The game has changed with the release of Foursquare 3.0. More types of specials have been added and split up according to whether they are loyalty specials or customer acquisition specials. Plus, nearby specials now appear when a user hits the "Places" tab in Foursquare's mobile platforms, showing users which nearby venues are offering incentives for their foot traffic. Here's a look at how the new specials work:

    Customer Aquisition

    check-inThe Check-in Special - This is the run-of-the-mill, every-time-you-check-in kind of special. It allows organizations to attach an incentive that users can claim with every check-in and is the one most often seen on the platform. Many organizations may still want to take advantage of this by offering cheaper incentives, such as a dollar off admission, to encourage visitors to adopt Foursquare and take advantage of more rewarding specials in the future.

    newbieThe Newbie Special - Most of the new specials say it right in the name and this is no exception, this rewards users only for their first time check-in. Organizations may want to take advantage of this for the same reason as the regular Check-in special, to encourage initial use of the platform.

    flashThe Flash Special - Now we start to get into some of the more interesting specials. The Flash special works like a flash sale, once a certain number is reached the special expires. It is first come, first serve. For example, say your special events are dragging a little bit for the first few hours, on average. A Flash Special can be used to create some interest in showing up first, such as "First 10 people to check-in unlock a private meet and greet with ______ !".

    swarmThe Swarm Special - Swarm specials are all about building a crowd. Swarm specials are only unlocked if a certain number of users, set by the organization,  check-in at that organization's venue within a set three hour period. This can be a great way to reward a large crowd with an incentive that would be more attractive for a group event than for an individual. For example, an organization could  have a special encore from a performer if that night's swarm special is unlocked.

    friendsThe Friend Special - This is by far my favorite new special. Users can only unlock this special by having a certain number of their foursquare friends, not just users that happen to be at the venue already, check-in alongside them. When paired with a great reward, this can be a great way to incentivize people to bring their friends along to your venue. The number of friends required to unlock the special is completely up to the organization.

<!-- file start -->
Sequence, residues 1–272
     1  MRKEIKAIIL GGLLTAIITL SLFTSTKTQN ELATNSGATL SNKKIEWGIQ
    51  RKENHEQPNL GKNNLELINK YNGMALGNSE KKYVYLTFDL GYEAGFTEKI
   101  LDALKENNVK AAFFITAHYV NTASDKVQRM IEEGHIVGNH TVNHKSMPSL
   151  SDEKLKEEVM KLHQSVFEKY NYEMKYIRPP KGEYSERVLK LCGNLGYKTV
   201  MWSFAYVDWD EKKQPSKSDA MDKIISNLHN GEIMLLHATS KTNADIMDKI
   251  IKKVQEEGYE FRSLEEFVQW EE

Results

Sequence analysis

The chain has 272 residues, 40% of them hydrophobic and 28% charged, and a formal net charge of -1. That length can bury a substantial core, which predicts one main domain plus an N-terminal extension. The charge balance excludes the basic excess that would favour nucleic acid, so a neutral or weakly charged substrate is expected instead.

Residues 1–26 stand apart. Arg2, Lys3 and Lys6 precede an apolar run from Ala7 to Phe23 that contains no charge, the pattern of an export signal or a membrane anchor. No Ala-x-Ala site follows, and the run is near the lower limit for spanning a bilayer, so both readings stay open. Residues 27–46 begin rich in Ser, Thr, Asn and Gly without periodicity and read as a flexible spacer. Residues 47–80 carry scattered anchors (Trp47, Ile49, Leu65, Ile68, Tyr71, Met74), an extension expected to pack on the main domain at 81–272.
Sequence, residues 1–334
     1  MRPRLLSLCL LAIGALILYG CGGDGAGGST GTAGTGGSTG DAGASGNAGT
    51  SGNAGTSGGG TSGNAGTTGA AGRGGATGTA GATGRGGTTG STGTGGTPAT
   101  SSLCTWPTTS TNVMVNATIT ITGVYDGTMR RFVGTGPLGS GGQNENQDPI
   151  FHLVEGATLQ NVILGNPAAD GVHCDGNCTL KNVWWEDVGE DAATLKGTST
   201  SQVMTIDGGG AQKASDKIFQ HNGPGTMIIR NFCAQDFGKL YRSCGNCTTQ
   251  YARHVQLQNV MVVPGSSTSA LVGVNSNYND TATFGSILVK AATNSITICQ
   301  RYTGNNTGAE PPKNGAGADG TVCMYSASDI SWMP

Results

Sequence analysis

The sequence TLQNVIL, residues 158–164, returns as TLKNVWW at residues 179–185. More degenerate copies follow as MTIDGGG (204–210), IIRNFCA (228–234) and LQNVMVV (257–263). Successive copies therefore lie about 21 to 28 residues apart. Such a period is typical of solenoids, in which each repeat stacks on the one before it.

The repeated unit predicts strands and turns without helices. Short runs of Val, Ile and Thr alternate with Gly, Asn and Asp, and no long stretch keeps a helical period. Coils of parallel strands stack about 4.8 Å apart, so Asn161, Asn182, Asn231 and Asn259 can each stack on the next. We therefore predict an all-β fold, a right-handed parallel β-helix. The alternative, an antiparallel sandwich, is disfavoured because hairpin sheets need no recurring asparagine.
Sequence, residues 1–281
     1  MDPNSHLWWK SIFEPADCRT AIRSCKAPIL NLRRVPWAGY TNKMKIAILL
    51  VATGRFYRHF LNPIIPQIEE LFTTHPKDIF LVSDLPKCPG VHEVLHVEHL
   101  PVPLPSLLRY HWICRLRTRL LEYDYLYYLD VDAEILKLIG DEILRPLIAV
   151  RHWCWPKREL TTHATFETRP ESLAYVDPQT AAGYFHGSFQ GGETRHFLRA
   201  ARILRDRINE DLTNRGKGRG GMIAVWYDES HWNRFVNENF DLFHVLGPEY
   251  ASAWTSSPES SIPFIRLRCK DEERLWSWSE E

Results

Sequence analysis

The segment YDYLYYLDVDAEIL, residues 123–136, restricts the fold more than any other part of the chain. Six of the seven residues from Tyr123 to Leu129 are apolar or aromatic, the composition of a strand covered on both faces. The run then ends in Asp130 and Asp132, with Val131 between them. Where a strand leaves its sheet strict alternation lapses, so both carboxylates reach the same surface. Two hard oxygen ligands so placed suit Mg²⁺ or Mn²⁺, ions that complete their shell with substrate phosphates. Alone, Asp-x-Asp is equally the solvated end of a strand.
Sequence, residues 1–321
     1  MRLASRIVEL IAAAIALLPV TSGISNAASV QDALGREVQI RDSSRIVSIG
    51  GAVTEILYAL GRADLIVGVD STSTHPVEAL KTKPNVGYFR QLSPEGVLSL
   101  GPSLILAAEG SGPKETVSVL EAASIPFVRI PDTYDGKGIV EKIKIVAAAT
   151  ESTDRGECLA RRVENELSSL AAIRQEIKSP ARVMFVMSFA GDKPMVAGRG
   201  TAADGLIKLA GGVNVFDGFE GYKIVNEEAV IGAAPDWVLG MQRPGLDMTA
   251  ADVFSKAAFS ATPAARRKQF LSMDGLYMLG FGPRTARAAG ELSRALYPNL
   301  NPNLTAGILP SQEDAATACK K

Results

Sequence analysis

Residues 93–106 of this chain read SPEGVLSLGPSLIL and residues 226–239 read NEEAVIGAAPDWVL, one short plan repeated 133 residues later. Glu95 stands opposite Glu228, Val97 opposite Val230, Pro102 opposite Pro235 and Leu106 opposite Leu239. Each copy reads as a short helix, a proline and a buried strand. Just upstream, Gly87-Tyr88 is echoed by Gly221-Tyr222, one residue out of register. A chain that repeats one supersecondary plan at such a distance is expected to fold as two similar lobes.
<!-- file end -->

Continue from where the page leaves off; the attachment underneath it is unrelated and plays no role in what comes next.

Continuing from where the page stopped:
Rewarding Loyalty

    mayorThe Mayor Special - Hey now, we can't forget about the Mayor! This special works the same way as the old special, it is unlocked by the current Mayor of the venue. The Mayor is determined by which user checks in the most times in the previous 60 days and the check-ins only count once per day towards mayorship. This is so a user cannot stand in your lobby and just hit the check-in button over and over again until they have the mayorship.

    frequencyLoyalty Specials - A little bit like the regular check-in special, this special rewards frequent visitors who are regularly checking in. One version of a Loyalty special gives users a goal of total check-ins to unlock a reward. Since you can set the number, organizations may want to pair this with a sweet reward for that user who visits over 100 times. Again, only one check-in counts towards this special per day. Another parameter organizations can set with Loyalty specials is the time that user has to reach the set goal, such as having a goal of 10 check-ins for one month. This type of special could be paired up with a more temporary event like an exhibition or a performance series.